Better players have better short games. Better players are better players because they have better short games. In terms of time investment, all players will lower their scores more significantly by working on their short games than their long games, especially higher handicappers. It would take significant practice for a 91 shooter to improve his swing and technique enough to go from hitting 2 greens (11%) a round to 4 greens (22%) a round.  An 11% reduction is short game shots would be much easier to realize.

     Good players have good short games. A good short game is even more important to a good player for consistent scoring. A 79 shooter takes on average 31.7 or 32 putts, which is 40% of his total strokes. A 91 shooter averages 35.7 or 36 putts, which is 39% of his total strokes. Putting is the most important aspect of the short game. It is your putting that can save the day. Putting is what all players should spend the most time trying to improve. Do you?

     In coming weeks, I'll lay out some ways that you can improve your short game. My emphasis will be, of course, on providing you with information that will enable you to make better decisions on what kind of shot to play, and how to play it. I'll also share some of the swing/stroke techniques I use to maintain my 2 handicap, even though I rarely practice anymore.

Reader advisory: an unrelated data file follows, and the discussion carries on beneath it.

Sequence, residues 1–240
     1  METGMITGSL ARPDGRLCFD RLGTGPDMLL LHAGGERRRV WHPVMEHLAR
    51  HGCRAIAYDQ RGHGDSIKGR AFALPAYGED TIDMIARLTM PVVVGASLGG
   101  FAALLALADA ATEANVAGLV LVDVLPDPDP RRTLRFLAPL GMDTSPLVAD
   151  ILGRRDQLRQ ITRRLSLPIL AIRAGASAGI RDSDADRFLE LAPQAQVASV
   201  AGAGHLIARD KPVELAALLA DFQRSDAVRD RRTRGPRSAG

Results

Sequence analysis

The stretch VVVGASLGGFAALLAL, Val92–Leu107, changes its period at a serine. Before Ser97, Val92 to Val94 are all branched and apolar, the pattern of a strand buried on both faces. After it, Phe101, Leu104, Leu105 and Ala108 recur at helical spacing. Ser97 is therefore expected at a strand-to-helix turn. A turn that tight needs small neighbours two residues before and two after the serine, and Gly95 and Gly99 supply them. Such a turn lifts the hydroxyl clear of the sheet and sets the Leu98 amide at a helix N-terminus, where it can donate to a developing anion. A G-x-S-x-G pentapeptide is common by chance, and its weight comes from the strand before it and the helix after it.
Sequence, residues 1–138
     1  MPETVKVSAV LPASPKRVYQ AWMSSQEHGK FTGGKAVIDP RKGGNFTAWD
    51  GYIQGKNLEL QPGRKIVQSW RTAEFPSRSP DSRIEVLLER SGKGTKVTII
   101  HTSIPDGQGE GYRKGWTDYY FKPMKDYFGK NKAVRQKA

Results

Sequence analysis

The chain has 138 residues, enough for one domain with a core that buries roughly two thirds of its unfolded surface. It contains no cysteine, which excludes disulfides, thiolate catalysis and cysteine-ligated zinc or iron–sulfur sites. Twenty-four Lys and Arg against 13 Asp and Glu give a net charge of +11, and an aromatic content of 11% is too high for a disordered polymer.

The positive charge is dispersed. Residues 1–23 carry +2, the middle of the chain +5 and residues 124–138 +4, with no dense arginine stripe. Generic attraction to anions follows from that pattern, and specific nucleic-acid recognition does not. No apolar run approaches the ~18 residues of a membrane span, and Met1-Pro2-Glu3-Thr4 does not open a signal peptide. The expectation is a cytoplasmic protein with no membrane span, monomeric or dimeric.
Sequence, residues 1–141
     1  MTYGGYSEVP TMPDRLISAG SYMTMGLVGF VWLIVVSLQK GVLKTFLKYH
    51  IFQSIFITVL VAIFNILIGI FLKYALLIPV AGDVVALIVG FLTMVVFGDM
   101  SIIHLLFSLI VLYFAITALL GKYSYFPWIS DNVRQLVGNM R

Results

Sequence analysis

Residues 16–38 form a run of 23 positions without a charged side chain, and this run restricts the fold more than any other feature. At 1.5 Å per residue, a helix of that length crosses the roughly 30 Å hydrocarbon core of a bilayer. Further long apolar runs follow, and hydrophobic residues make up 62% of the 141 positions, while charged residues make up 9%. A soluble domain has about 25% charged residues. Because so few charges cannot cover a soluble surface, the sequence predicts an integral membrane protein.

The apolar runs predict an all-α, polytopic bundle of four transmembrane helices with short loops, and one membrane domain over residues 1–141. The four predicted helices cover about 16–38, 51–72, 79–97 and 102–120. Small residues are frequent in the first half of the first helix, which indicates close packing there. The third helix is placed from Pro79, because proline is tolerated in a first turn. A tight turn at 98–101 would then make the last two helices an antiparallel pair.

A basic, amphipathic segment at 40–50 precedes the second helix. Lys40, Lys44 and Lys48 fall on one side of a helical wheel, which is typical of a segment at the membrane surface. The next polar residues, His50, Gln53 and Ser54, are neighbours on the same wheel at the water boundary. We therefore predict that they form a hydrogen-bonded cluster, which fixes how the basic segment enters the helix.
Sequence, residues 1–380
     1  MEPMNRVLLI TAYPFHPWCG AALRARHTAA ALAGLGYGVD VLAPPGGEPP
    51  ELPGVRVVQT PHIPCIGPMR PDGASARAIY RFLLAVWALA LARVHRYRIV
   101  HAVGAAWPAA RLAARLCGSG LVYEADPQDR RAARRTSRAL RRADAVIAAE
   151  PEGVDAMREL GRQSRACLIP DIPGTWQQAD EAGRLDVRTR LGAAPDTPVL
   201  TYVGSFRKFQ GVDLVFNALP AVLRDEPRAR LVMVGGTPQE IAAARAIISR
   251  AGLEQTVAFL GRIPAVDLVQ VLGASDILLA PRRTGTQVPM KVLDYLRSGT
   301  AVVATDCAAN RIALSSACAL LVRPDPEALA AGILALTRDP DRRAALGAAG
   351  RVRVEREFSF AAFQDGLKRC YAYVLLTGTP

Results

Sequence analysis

Purchase my Longest Golf Ball Report (over 250 sold so far) in which I statistically analyze distances of over 70 different golf balls with differing constructions. The balls were hit using a mechanical hitting machine.

Play with my Driver Distance Calculator. You can input such variables as loft and clubhead speed to determine the optimum loft. I'll be adding to it soon so that you can input different golf ball parameters such as speed and spin.


A list of resources that have been used to produce this newsletter can be found on my website here.

The next newsletter's topic will be on reading putts (break and distance). If you have any questions ahead of time, send me an email.

The focus of my site is to utilize science and math to lower your score. New technology is one way to achieve this, but to be honest, the technology is one small piece of the puzzle.

To actually improve significantly, we all need to:

1. Improve our swings using CD Interactive, Hit Down Dammit!

2. Learn how to swing simpler like the Iron Byron with the great coffee table book, Swing Machine Golf!

3. Improve our physical fitness and strength.
The Golf Trainer Power Performance Programô

4. Improve our mental games. Golf Mind Software

5. Improve our Probable Golf games. Learn how to make better choices on the course through knowing how shot patterns and reading the elements and course better.

Click on the links above to take a look at ways that I personally use myself and recommend you try as well.

Hope I provided some useful ways for to become better prepared for you best golf season ever.

Ken Tannar